When a scheduled date and time arrive, processor 50 causes message indicator 24 (FIGS. 1 and 4) to flash to indicate a scheduled message is now available and due for playback. The user may then press the functions pushbutton 20, which returns control of the processor 50 to the programming step P2 (FIG. 5) to display again the screen shown in FIG. 7A. The user will now enter the security code in touch pad T3, press the date target in calendar grid 16′ (either today's or a prior day's target) and use controls T4 to playback the pre-recorded message from memory. This method will play back all messages that have reached their scheduled time. If the user only wishes to listen to messages in a specific voice mailbox, the user may examine only that box number by touching the associated number in keypad T3 before pressing the PLAY target among controls T4. The target DEL among controls T4 may be touched to delete the current message (the one being played back, or the one last played). Processor 50 is programmed to recycle memory by automatically deleting 1 week old messages in order to maximize storage.

If the message is not promptly played back in, for example, 15 minutes after the scheduled time, the system will automatically dial telephone number(s) previously recorded (done with contact pad T5). Accordingly, processor 50 operating through terminal TEL will function as an autodialer. Specifically, processor 50 will take a telephone connected to jack 54 off hook, dial one of the preprogrammed telephone numbers stored in memory 51, and when the called party answers, automatically play back the recorded message also stored in memory 51. In some instances, the telephone may not be hard wired but may be a wireless connection. This automatic dialing process will be repeated for each of the pre-recorded telephone numbers associated with the recording of that particular message. This feature allows family or office members to record a message on the system and have it sent to the desired contact at the scheduled time.

A user who wishes to associate images with the months of the year will press PICTURES target T7 and the screen will change as illustrated in FIG. 7C to a 4×5 matrix of thumbnail images 66 that were stored in memory 51 (FIG. 4). If more than 20 images are available pressing the PICTURE SCROLL target T10A or T10B will display the next or previous 20 images. If no images have been uploaded by the user, default images may be selected, or if the user wishes to upload more images, a regular or mini SD card or a memory stick will be plugged into the connector slots 34A, 34B or 35 (FIGS. 2 and 4) and the images thereon will be automatically uploaded into memory 51 of processor 50.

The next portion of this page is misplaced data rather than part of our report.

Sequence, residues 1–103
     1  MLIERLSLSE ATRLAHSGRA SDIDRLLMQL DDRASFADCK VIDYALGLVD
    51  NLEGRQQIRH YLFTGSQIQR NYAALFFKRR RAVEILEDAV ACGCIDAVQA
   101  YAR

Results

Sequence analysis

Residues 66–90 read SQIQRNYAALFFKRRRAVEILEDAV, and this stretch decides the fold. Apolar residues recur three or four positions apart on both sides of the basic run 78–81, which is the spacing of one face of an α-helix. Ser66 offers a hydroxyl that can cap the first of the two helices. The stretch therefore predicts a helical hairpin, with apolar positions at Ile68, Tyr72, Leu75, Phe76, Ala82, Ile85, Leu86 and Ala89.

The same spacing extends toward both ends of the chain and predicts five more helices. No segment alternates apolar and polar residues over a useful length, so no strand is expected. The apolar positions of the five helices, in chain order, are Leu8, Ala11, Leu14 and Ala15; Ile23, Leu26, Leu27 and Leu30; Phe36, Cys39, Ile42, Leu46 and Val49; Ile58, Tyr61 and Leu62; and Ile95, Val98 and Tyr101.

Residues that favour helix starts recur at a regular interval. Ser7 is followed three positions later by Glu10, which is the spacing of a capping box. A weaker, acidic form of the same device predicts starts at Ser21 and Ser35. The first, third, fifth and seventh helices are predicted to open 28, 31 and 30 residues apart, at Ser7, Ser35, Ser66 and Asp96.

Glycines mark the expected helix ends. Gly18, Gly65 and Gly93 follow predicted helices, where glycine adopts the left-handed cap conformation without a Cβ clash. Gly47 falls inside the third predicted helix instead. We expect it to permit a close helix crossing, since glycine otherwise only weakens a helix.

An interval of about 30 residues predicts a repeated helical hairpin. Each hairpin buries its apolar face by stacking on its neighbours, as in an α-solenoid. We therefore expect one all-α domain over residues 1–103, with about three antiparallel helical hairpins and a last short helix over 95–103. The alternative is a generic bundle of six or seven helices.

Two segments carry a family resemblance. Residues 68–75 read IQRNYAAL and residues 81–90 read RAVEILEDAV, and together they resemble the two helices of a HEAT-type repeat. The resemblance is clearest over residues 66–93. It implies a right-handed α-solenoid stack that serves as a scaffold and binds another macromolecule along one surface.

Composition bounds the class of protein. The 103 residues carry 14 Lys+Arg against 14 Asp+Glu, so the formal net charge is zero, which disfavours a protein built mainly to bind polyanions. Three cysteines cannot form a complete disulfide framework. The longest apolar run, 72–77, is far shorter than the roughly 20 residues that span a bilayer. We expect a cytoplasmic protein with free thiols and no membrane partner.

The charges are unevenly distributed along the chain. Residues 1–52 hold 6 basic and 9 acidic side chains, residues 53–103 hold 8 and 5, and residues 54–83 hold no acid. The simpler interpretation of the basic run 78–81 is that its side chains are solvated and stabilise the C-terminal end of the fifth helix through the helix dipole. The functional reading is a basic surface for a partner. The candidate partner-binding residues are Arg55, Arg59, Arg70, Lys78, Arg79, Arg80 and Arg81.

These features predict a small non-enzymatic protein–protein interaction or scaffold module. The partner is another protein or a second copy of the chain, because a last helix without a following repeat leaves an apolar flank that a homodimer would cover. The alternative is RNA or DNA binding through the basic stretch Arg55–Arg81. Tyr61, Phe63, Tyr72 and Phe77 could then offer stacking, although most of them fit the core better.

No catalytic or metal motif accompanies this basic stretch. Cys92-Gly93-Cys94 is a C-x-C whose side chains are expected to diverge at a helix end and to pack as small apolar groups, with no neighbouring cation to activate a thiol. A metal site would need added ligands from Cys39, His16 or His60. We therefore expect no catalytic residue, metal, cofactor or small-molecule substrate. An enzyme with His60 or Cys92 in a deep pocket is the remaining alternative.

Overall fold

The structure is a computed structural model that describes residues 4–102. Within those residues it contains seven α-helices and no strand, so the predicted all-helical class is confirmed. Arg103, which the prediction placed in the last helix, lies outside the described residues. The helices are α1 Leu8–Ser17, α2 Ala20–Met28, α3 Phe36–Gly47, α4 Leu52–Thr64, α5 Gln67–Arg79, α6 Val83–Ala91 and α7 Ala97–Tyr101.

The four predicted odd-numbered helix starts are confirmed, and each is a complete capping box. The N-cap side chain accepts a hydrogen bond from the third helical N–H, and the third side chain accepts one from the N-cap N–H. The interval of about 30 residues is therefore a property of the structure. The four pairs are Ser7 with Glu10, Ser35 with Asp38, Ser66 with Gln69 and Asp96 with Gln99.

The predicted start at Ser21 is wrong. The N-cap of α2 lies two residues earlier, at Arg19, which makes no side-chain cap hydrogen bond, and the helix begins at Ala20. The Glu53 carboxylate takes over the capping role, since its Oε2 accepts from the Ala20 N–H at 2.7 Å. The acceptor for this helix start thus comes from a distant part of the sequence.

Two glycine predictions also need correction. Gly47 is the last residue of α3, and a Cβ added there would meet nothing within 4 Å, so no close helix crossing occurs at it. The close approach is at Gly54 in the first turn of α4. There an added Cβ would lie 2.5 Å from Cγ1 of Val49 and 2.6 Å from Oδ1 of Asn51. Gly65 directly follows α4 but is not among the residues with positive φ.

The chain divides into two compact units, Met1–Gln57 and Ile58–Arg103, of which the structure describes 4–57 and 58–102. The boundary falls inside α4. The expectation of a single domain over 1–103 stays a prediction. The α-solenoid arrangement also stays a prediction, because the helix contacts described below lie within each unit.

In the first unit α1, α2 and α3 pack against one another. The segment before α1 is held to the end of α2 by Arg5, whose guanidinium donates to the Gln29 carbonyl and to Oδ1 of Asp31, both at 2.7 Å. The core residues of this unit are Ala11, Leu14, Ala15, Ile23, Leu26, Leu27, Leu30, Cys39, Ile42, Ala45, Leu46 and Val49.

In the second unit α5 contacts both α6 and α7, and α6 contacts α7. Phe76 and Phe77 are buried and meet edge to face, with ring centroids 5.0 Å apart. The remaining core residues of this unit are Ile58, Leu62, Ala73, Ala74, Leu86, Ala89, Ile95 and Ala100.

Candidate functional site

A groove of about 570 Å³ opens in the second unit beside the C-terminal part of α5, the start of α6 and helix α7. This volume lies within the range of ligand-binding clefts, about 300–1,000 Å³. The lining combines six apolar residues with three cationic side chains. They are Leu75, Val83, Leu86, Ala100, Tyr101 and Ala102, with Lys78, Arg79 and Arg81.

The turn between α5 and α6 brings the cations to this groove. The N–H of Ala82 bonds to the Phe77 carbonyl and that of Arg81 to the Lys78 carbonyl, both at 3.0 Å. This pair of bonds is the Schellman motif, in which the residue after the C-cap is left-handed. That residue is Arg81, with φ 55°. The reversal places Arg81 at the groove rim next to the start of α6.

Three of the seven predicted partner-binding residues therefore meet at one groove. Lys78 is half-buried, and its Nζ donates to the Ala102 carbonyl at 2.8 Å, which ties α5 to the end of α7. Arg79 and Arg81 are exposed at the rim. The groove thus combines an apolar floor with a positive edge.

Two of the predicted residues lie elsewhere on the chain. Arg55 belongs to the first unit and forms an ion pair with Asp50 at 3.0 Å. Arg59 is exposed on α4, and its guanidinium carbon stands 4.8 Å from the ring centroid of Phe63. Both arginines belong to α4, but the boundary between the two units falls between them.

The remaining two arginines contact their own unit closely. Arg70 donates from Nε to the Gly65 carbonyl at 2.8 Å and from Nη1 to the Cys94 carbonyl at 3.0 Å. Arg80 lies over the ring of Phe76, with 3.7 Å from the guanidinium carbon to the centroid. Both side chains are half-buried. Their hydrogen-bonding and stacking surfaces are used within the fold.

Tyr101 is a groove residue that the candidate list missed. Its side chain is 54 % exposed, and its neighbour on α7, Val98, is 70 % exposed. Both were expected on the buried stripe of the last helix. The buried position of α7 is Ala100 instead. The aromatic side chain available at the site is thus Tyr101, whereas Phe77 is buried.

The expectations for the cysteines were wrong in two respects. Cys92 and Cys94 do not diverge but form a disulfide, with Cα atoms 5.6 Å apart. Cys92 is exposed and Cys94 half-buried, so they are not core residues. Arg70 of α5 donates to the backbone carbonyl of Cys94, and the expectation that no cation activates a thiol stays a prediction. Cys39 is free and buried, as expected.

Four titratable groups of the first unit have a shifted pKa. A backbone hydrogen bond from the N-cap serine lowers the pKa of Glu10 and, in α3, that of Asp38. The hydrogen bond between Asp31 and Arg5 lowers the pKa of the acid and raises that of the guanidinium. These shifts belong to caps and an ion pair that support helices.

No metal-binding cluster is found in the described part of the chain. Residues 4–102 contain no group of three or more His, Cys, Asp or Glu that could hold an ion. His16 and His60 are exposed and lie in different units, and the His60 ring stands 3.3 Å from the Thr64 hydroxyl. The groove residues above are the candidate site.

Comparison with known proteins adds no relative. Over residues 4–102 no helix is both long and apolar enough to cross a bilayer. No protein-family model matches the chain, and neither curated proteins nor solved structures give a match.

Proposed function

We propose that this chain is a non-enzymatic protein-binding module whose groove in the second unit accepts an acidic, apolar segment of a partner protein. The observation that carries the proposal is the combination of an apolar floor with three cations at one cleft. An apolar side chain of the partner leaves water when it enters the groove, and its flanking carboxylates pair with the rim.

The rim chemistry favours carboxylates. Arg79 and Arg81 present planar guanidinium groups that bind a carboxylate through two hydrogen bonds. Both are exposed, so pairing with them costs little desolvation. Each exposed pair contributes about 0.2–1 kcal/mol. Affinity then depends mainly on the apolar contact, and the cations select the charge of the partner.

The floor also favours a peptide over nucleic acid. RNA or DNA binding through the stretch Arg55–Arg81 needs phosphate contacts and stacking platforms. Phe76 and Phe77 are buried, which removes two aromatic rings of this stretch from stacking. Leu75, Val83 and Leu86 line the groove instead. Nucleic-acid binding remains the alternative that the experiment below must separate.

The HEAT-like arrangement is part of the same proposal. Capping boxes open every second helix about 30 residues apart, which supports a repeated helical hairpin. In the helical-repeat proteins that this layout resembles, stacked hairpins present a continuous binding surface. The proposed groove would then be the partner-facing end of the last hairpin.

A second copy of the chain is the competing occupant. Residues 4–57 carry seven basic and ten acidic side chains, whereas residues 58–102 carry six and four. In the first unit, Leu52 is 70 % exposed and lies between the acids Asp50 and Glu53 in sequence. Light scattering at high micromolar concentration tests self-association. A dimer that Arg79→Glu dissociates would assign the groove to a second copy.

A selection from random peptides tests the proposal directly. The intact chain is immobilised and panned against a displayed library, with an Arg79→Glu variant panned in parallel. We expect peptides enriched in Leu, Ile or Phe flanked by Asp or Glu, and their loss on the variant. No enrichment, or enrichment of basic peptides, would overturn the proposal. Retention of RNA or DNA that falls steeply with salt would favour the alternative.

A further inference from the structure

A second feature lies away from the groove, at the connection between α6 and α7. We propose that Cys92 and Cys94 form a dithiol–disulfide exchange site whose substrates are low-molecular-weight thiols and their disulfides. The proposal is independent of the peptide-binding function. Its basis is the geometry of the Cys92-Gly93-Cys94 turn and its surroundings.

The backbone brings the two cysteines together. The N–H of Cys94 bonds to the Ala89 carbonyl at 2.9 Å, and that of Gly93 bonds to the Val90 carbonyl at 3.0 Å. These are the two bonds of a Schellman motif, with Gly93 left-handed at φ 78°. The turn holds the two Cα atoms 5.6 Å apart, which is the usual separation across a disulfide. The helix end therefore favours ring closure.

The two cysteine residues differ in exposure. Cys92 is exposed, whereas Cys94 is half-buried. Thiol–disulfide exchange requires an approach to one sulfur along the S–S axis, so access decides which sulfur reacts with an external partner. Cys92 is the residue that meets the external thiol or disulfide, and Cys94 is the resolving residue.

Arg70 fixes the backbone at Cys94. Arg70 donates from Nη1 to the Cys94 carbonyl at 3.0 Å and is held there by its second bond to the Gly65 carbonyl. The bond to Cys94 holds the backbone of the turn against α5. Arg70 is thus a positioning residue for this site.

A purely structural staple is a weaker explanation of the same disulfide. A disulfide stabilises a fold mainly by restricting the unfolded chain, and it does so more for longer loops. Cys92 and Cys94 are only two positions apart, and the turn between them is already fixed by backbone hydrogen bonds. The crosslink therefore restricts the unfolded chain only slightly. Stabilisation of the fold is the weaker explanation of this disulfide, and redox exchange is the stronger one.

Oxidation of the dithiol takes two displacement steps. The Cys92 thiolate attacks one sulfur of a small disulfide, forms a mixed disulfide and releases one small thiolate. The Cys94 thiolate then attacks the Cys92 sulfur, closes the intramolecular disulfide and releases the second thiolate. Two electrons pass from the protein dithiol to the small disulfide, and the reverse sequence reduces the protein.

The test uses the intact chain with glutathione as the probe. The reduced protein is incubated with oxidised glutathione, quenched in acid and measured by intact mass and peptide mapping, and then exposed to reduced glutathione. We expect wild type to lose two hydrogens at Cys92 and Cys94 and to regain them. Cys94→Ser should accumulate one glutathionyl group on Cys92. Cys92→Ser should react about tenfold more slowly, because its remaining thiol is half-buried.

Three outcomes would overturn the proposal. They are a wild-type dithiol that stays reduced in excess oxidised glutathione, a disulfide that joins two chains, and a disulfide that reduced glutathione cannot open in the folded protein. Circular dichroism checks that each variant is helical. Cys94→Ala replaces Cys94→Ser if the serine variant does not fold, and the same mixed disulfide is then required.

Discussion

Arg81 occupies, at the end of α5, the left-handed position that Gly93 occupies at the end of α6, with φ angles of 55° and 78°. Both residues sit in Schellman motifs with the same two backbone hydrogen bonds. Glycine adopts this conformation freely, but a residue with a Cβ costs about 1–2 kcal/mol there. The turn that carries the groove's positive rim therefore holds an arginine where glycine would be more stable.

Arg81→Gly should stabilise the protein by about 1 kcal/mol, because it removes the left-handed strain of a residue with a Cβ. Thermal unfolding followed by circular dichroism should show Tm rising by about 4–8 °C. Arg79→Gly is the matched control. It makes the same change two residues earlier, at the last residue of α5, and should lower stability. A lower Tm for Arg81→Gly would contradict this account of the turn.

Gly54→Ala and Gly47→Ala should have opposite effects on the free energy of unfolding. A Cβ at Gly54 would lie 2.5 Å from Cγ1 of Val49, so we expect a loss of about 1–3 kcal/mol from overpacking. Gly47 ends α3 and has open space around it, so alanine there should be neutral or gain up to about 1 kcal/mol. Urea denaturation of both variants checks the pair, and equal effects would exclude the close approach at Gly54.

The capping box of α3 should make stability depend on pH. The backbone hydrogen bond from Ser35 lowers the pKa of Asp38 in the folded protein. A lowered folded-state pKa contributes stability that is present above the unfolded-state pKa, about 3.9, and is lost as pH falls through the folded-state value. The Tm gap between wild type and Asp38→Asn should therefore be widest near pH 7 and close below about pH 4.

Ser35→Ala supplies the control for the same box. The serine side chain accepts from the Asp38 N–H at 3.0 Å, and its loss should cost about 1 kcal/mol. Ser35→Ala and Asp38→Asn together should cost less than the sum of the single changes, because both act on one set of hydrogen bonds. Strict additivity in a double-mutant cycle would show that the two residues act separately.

The user can now select a month by using the scrolling arrows T2A and T2B (FIG. 7C) to display the desired month in annunciator screen 32 (FIG. 1). If the user now touches one of the images in matrix 66, that image will be associated with the displayed month. In this manner each month can have a unique image associated therewith. A user who wishes to display a picture show in the full modes illustrated in FIGS. 7D or 7E may do so by setting the slide to slide interval at 5 or 10 seconds and monthly by touching one of the targets T13A, T13B, or T13D respectively. Target T13C will prevent the images from sequencing so that only the image 14A currently on display will be used. Also, the style of transition from image to image can be selected by using targets T14A and T14B. Depending on the complexity of the application, the transition can be abrupt; a fade out followed by a fade in; egress or shrinkage of a departing image followed by expansion or ingress of a succeeding image, etc. Various presentation techniques such as those used in a Power Point presentation may be applied here.

To launch the slide presentation the user can touch FULL-SCREEN target T15A or T15B to execute programming step P3A or P3B respectively, causing processor 50 (FIG. 4) to transmit the slide images as described above and as depicted in FIG. 7D or 7E, representing one image in the presentation. Also, the user can go back to the function mode of FIG. 7A by pressing function button 20 (FIGS. 1 and 4).

The user may now press home button 22 (FIGS. 1 and 4) to return to the main menu of FIG. 6 (programming step P1 of FIG. 5). If the user now touches target MB processor 50 (FIG. 4) will cause display 12 to present the function screen of FIG. 8A (programming step P4 of FIG. 5). The upper part of the screen has a clock face 68 with hour and minute hands. In this illustrated presentation instead of numerals the hour positions have twelve hourly images that were selected by the user. If the user wishes to display instead numerals, target T24 may be touched to toggle to a numeric presentation. To set the clock time the user will touch target T16 and then use targets T17 and T18 to cycle the hours and minutes, respectively, before touching target T16 again to set the time.